Recently I, Linda, had the privilege and pleasure of attending the NSPCC conference on the internet and child safety in London, England #howsafe2018. My biggest takeaway from the conference is that parents and caregivers need to be as involved with their children’s online lives as they are in their real lives.
According to research; 91% of children in the UK are active online by the time they’re 8 years old, but generally family conversations around internet safety are starting when children are 9 years old. Research shared showed that only 68% of parents feel confident in managing online safety for their children. That means that just over 30% don’t feel confident and consequently, may be doing little or nothing to ensure their children’s safety online. The research also shows that parent attitudes to safety issues on the internet tend to be overly positive and don’t account for the potential risks. Rather, it was found that parents bury their heads in the sand, have the view that “it won’t happen to my child”, and that they trust their child to “do the right things online”.
The issue with this is, the internet is a vast, open space in which there are innumerable opportunities and also dangers. Your child may well be extremely trustworthy, but this doesn’t mean that you’d send them into the middle of a large, unknown city at night on their own and expect them to find their way home safely. I have come back convinced that the key values we hold at dlalanathi in all our processes are still extremely relevant in a digital world. In our capacity building processes we advocate for Play, Parenting and Protection in order to increase circles of support around children. The area of advocating for children’s safety in a digital context is no different.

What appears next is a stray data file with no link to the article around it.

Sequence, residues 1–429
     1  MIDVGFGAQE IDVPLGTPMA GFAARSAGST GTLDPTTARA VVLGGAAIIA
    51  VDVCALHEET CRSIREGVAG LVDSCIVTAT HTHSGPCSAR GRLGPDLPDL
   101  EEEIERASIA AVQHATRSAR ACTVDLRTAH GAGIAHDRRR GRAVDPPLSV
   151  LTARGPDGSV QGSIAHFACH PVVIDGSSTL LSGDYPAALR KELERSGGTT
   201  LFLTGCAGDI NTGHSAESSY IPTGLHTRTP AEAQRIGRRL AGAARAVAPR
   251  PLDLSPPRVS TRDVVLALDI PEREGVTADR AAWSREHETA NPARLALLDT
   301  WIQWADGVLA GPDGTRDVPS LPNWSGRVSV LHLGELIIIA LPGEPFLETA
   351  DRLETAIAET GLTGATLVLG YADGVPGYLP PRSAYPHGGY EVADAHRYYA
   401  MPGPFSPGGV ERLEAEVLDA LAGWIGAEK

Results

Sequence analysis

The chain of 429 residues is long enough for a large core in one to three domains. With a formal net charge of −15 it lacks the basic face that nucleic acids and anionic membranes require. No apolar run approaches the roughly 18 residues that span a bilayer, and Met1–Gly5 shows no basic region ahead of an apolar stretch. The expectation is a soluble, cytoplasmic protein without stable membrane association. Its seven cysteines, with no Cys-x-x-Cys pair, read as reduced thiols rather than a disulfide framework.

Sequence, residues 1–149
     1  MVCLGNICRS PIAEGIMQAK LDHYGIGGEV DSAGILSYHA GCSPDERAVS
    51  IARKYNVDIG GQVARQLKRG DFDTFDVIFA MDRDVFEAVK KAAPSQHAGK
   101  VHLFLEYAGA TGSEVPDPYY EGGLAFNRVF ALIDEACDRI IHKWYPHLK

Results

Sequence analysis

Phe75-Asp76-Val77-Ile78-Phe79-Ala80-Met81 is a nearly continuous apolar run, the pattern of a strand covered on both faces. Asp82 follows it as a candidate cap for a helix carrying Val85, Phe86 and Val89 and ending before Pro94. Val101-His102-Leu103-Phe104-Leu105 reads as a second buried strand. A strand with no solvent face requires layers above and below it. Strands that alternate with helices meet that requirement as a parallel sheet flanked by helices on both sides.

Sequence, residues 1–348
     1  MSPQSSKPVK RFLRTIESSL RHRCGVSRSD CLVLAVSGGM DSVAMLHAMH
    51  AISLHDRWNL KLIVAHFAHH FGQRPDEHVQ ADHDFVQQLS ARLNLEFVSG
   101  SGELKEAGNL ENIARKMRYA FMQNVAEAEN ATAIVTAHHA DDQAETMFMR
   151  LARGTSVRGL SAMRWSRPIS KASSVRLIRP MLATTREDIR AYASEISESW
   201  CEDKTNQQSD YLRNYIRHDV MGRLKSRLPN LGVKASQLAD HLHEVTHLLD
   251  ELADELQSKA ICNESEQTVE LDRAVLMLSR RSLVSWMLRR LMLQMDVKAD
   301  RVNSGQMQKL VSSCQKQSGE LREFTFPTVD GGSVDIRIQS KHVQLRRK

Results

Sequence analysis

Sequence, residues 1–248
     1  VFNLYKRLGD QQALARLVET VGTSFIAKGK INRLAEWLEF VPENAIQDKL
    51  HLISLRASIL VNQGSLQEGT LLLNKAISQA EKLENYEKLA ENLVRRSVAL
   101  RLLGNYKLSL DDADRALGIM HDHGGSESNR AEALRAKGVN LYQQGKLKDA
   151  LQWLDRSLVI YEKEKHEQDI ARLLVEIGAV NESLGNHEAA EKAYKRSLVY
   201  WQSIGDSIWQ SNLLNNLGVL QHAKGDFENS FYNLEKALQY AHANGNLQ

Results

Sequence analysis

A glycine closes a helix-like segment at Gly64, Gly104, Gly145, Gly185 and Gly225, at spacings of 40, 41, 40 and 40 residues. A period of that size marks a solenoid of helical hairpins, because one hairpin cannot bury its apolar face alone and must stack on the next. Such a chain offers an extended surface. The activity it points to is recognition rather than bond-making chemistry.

More than ever, parents and caregivers need to listen to their children, find out about their favourite apps and play them together, visit their favourite websites together and ask questions to understand what their child is experiencing. Talk about how to keep safe online, why privacy settings are so important and how to use them – and if you don’t know, get them to teach you! Get your children and adolescents’ participation in setting up family guidelines for internet use in your home, have a plan that you all agree to for how and when the internet will be used. www.childnet.com has a wealth of resources, as does www.nspcc.org.uk for this as well as starting conversations with children about their online worlds. There are also a number of videos on childnet.com for specific age groups that help kids (and parents!) understand and manage the risks on the internet.
As a parent myself who is, ironically a bit of a technophobe, I accept that my children will always be a step ahead of me in technology, however, I always want to be a step ahead of them in protecting them in both the digital and ‘real’ worlds. The key is that as parents, caregivers and professionals, we are confident in our role as people who protect children.
With huge thanks to the Charlize Theron Africa Outreach Project for making this trip possible through funding. We look forward to sharing the learning with as many adolescents, children, caregivers and professionals as possible!